Agnes Varda is most celebrated as the lovable storyteller of “Faces/Places” and the New Wave auteur behind “Cleo from 5 to 7,” but in 1968, her career took a detour. While husband Jacques Demy was shooting “Model Shop” in Los Angeles, Varda hung around the Bay Area to make two half-hour documentaries about the Black Panther Party and its efforts to free Huey P. Newton from prison.
“Huey” provides a dramatic collection of footage surrounding the campaign to free Newton after he was jailed for allegedly shooting police office James Frey. However, “Black Panthers” digs deeper into the circumstances surrounding the rallies to explore the nature of the Black Panther Party itself.
The result is a sobering account of the group’s activist intent, delivered almost entirely in its own words. Beyond the striking contrast to the vilification of the Black Panther Party in American media at the time, Varda’s absorbing portrait of the Oakland chapter provides striking clarity to the pressing sense of purpose driving its actions. Viewed from a contemporary perspective, as the streets light up with the fury over yet more injustices against black people by the police, “Black Panthers” is timelier than ever, and a welcome antidote to blaring media headlines — a movie that goes beyond gawking at anger and frustration to highlight its genuine purpose.
Varda also understands her limitations. The white French woman can’t possibly understand what it means to feel persecuted and vilified on the basis of skin color. Throughout “Black Panthers,” Varda turns to an almost dispassionate (and uncredited) English-language voiceover to explain the proceedings with an almost ethnographic sense of remove that acknowledges her filmmaking team can only go so far in comprehending the struggle they’ve captured. As Newton’s manslaughter charges loom, the narration concludes, “We can only feel their tiredness bearing down on their determination.”
As a result, much of “Black Panthers” gives the story over to them, allowing speeches and off-the-cuff interviews from crowded demonstrations to lead the way. Familiar characters like Black Power icon Stokely Carmichael and Kathleen Cleaver have their say, not pumping fists or shouting epithets but delivering concise explanations and political demands.
Varda leaves ample room for unidentified black men and woman gathered outside the Alameda County courthouse to explain their desire to come out and show their support. They don’t shake with fury or hurl epithets at the camera; they’re open and sincere about wanting to see justice for Newton and convinced of racial bias driving the police force. One man with a young daughter on his shoulders called Newton a model for all of them.
White faces dot the crowd, but Varda doesn’t speak to them, nor does she waste a frame on police officers watching from the sidelines. It’s a striking contrast to the crowd mayhem filling television broadcasts today. As filmmaker Stanley Nelson recently pointed out, mainstream media tends to emphasize chaotic imagery for the voices of rational protestors. Varda doesn’t make that mistake.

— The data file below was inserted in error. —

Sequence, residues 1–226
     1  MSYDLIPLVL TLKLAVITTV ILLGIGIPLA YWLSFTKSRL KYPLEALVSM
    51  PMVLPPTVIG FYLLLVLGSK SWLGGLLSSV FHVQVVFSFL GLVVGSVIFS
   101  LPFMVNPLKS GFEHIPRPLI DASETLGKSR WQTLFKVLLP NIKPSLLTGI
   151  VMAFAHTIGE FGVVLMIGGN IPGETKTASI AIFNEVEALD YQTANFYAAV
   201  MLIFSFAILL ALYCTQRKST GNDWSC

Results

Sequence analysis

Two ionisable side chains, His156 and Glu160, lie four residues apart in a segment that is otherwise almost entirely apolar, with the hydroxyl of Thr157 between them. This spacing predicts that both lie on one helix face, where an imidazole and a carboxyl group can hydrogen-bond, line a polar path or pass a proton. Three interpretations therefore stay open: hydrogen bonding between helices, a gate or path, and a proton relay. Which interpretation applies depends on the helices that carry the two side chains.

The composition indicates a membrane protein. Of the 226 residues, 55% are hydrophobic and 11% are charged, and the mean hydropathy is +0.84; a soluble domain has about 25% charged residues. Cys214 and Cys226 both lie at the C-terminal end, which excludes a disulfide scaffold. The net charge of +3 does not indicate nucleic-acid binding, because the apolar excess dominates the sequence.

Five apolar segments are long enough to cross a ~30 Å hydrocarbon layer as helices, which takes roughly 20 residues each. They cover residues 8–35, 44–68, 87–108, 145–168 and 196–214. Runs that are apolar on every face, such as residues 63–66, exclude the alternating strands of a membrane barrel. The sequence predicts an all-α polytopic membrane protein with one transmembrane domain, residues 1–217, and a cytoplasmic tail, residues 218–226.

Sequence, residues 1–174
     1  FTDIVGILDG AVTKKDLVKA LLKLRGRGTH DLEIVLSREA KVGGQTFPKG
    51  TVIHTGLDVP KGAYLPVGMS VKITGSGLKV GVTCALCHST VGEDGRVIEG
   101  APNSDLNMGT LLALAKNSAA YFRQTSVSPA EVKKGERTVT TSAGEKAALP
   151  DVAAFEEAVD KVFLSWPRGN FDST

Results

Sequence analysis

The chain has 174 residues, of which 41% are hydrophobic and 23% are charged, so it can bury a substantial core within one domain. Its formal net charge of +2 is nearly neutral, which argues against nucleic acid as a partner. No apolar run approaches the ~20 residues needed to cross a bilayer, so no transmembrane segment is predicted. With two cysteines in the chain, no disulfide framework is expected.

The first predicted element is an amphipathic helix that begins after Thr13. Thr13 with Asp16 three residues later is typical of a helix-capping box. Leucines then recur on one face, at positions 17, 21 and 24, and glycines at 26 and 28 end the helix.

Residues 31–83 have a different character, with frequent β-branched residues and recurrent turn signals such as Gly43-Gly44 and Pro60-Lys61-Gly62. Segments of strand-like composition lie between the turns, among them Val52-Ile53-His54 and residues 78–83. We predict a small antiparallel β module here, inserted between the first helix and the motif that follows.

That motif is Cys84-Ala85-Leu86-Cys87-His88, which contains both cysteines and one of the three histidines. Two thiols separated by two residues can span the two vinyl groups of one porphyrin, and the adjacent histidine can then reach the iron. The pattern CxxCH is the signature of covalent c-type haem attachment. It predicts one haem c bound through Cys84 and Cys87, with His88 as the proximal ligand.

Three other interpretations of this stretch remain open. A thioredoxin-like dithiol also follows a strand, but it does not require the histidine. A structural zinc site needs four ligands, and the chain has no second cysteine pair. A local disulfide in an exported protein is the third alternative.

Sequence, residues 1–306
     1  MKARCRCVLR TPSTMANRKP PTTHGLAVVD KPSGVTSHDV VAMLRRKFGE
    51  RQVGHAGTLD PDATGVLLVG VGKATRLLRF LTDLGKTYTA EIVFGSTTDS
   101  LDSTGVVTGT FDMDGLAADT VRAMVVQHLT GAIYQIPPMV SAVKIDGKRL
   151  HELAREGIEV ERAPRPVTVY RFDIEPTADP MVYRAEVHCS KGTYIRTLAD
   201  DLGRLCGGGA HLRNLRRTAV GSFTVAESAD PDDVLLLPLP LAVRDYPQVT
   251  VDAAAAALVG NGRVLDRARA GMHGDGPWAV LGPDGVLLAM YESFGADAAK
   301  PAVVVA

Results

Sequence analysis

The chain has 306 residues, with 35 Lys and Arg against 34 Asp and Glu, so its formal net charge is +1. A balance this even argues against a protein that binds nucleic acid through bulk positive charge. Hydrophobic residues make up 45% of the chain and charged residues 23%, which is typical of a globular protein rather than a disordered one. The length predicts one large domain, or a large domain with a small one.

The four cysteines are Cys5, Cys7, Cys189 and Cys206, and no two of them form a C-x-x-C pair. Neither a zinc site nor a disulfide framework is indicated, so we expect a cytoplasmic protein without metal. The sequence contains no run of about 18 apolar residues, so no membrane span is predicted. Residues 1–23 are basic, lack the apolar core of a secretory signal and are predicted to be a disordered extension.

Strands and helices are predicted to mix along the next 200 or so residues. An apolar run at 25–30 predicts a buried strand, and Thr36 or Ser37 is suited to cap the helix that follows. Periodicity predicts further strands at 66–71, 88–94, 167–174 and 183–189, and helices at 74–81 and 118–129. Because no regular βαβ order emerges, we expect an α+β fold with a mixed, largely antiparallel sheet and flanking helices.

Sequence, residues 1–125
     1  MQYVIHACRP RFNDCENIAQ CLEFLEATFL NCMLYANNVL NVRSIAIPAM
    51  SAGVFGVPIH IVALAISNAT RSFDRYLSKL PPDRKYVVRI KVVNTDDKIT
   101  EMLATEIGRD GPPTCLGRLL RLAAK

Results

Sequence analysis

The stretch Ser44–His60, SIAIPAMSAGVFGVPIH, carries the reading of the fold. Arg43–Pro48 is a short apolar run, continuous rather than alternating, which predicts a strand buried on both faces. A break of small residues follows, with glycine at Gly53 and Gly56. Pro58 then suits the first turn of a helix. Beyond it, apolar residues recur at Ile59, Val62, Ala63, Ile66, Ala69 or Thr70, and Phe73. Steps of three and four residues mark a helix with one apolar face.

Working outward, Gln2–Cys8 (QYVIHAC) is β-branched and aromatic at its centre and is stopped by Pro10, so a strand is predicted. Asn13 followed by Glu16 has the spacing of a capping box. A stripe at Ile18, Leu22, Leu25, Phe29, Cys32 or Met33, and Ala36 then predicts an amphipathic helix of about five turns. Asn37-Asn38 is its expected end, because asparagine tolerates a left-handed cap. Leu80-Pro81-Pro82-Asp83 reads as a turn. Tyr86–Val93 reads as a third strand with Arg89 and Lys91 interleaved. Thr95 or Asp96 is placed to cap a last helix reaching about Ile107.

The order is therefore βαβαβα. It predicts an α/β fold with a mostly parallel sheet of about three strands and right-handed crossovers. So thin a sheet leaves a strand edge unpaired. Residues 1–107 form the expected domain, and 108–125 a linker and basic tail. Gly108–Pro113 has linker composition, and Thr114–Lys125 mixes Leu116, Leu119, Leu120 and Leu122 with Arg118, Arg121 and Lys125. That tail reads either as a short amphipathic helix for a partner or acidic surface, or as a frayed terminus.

In fact, “Black Panthers” finds the party members adopting a positive, even hopeful tone as the camera lingers in their midst. Just when the project risks turning its gaze into an exotic one, Varda turns to Newton himself for insight, interviewing him from prison as he explains the nature of the party in precise terms. He outlines the inspiration of the Cuban revolution on the party’s Marxist-Leninist philosophy and why he feels like a political prisoner.
Sitting against a bland backdrop, he explains how he’s been placed in solitary confinement, deprived of the literature that keeps him company but inspired by the growth of the movement outside. “A unity is being achieved between the white radicals and the black colony,” he says, and to that end, “the black community has already received a victory.” At the same time, he predicts a showdown “between the establishment and colonized black people in general,” an eerie pronouncement that continues to sound prescient all these years later.
Varda’s movie may not provide the full picture of the Black Panthers’ struggles, its violent confrontations, or the leadership challenges that threatened its long-term survival. Instead, it lives in the moment, communing with the passion of the crowd — and empathizing with the roadblocks that it faces. The epilogue is both bitter and optimistic: Following the news that Newton has been convicted, Varda reveals that police officers shot up images of him at the Black Panthers’ headquarters. As she lingers on a bullet hole, the narration concludes, “The story of the Black Panthers is not over.”
Decades later, that story has evolved into a wider need: The national protests that erupted over the killing of an unarmed black man may not subscribe to a single ideology, but they no longer need one. “Black Panthers” gives us a movement fighting to explain itself; today, that battle is the last bastion of common sense.
“Black Panthers” is now streaming on the Criterion Channel.